Secondly, the Himmelsbrief represented to the folk mind an example of post-biblical revelation, a new and novel message from God postdating the last word of the Bible. Letters from heaven were kin to the New Testament Apocrypha, especially the Gospel of Nicodemus, which the Pennsylvania Dutch likewise kept in print for two centuries.

A heaven-sent letter served as blanket insurance coverage from fire, flood, and pestilence.

Thirdly, the letter is both a warning and an encouragement to keep on the narrow way that leads to salvation and not the “broad way” that leads to destruction. Fortunately, and most important of all, the letter is itself a paper amulet, an apotropaic device allegedly with the power to ward off various dangers that threaten human life and happiness.

The Himmelsbrief should be considered an example of folk religion rather than official Protestantism, yet many churchgoers embraced Himmelsbrief. One Sunday School teacher in Berks County, Pennsylvania, printed up copies inscribed with his name and distributed them as gifts to his Sunday school pupils.

Related documents in the Pennsylvania Dutch culture–Himmelsbrief of sorts–include the “Fire Letters” to ward off destruction of farm buildings by fire, an ever-present danger in the past from lightening strikes and even from spontaneous combustion in haymows. The prime example was the “CMB-Letter,” which consisted of prayers to the Three Wise Men, Caspar, Melchior, and Bathasar. (Catholic tradition conveniently discovered the names not mentioned in the Bible.) The cult of the Three Wise Men, or the Three Holy Kings as they are alternately called, centers in Cologne, and the document came to America with the Rhineland immigrants to Pennsylvania. The example shown here was published at Kutztown, Pennsylvania, in the 1870s.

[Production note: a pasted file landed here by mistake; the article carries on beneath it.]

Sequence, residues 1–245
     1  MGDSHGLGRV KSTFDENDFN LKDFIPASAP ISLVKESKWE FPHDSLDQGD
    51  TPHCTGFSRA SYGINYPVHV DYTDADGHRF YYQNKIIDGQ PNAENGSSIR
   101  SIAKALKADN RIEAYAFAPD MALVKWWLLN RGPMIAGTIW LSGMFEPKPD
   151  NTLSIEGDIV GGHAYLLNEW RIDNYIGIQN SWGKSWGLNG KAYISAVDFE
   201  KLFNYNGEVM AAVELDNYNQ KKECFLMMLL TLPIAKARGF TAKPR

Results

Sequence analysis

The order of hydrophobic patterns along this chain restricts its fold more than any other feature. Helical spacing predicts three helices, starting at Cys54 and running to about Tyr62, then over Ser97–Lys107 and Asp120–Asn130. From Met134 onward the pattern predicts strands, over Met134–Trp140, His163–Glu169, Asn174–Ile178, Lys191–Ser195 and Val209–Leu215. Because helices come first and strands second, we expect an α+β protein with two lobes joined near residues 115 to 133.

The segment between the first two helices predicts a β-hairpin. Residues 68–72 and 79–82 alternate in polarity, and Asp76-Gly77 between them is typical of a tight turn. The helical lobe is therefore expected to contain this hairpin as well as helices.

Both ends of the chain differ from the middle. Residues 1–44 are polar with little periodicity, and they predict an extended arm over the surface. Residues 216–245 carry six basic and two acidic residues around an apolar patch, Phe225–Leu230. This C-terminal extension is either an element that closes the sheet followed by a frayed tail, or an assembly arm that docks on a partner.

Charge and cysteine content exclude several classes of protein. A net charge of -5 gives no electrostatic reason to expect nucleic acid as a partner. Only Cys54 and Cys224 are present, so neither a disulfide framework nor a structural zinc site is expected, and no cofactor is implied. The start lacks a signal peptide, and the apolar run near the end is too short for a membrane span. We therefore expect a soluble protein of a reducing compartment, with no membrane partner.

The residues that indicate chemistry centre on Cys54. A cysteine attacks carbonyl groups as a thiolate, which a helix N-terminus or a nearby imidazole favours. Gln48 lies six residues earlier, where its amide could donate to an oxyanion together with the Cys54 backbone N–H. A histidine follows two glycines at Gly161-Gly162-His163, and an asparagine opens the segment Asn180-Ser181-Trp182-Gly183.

In Europe, heavenly letters were not limited to the German-language orbit. Scandinavia had them; England had them, too: See the Iconium Letter reproduced in this article. And there is even a curious Italian version that occasionally surfaces in Italian-American families. Entitled La Sacra Lettera di Gesu Cristo, it conveys the same encouragements to virtue and warnings against sin as our Pennsylvania Dutch examples.

One additional related broadside deserves mention here: the Haus-Segen or House-Blessing. This was usually a rhymed prayer to bless the house and its household of family members. It was often framed and put on the wall of the farmhouse. Because of its prayers, it was closer to the standards of official religion than was the folk-religious Himmelsbrief.

Today, examples of Himmelsbrief occasionally turn up, either framed or loose, at antique shows, flea markets, and folk festivals in the Dutch country of Eastern and Central Pennsylvania. Prices range from $400–$500 for the earliest 19th-century examples, to an average of $75 to $125 for later printings. My advice to the reader and would-be collector, in times like these, is to scour the back roads of Pennsylvania in search of a broadside peddler, and to bring home a letter from heaven to protect yourself and your property.

Heaven knows, the bankers won’t do it.

Don Yoder, a professor emeritus of folklore studies at the University of Pennsylvania in Philadelphia, is the author of The Pennsylvania German Broadside: A History and Guide (2005) and more than a dozen other books. He donated his collection of Pennsylvania Dutch broadsides to the Library Company of Philadelphia. He is working on a book about the Pennsylvania Dutch form of folk medicine known as “powwowing,” which makes use of magical charms to heal the ailments of humans and animals.